Dorking Town Traffic Congestion - how bad can it get?
Public domain documents from the Mole Valley District Council Local Committee show the results of a congestion study in Dorking. They show that traffic loads have been steadily rising over the past few years: 70% of traffic is associated with local activities in the town centre and 30% is passing through. On average 58% is travelling to work, 17% on school runs during peak times.
During peak times, West St sees a vehicle every 3 seconds, the High St every 5 seconds, and South St every 2 seconds! 16 thousand vehicles per day during the week pass through South St. with HGV/large vehicles contributing between 4 to 13% of the traffic.
The report states that "if left unchecked, traffic congestion will weaken the economic viability of Dorking and reduce the appeal to live and work in Dorking". The report concludes that "modelling has shown that there is no small scale solution to congestion in Dorking".
The scope of the congestion study included looking into articulated delivery vehicles to Sainsbury’s supermarket. Surprisingly, however, the results have not been published.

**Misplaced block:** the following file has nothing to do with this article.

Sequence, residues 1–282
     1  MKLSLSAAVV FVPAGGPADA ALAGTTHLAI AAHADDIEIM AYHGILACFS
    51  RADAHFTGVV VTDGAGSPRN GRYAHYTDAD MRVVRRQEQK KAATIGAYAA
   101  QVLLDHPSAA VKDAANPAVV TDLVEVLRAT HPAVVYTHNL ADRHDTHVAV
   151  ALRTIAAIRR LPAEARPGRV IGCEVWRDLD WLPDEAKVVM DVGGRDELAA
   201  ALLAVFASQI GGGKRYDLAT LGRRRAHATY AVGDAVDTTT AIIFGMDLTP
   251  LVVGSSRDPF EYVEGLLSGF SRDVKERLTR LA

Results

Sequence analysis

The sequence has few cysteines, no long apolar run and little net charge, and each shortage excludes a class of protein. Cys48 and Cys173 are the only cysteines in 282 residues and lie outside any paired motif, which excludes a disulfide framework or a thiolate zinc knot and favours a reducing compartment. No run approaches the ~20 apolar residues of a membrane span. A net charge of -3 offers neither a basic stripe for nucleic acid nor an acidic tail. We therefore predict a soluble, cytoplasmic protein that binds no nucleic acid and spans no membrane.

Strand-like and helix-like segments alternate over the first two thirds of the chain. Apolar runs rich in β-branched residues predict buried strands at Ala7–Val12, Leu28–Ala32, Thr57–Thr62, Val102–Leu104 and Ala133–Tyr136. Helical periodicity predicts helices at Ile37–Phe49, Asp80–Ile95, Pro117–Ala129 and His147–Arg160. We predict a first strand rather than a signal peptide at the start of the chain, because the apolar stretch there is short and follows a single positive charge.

Of particular interest was the stated "possible solution to add traffic lights at the Mill Lane/High St junction, include a pedestrian phase in the traffic light sequence, and to close pedestrian crossing lights outside the old WH Smiths" to cater for a future development. This would involve 3 regular "red light" blockages to the High Street around every 10 minutes. For those people living and working in Dorking the consequences of traffic blockages (normally illegal parking) in the High Street are well known and easily back up towards Westcott and Brockham on the A25.
Air quality in Dorking and particularly West St has seen nitrogen dioxide level of 23ug per cubic metre in recent years (Source: EA and SurreyAir survey). This level is much higher than would be expected for a rural market town. This is mainly due to the Mole Valley geography, the funnelling effect of the high buildings in the streets, and of course the congestion.
The council seems to be set upon the Sainsbury's St. Martins development, based upon the careful crafted "Chinese walls" between Mole Valley’s Resource Dept (the property owner of St. Martins car park) and the Planning Dept (who will make the final decision); the demolition notification on Church Gardens; the advice to the police against further CCTV in the area due to a potential new development, and the creation of ‘Dorking Town Centre Ltd’ by the developer Thornfield/Royal Bank of Scotland. All of this before there are ANY PLANS, and before any public consultation. So how bad will congestion get in Dorking?
In these times of sustainable thinking and concern about climate change, isn't it time for some visionary thinking on this matter. Let’s improve, not destroy our lovely market town.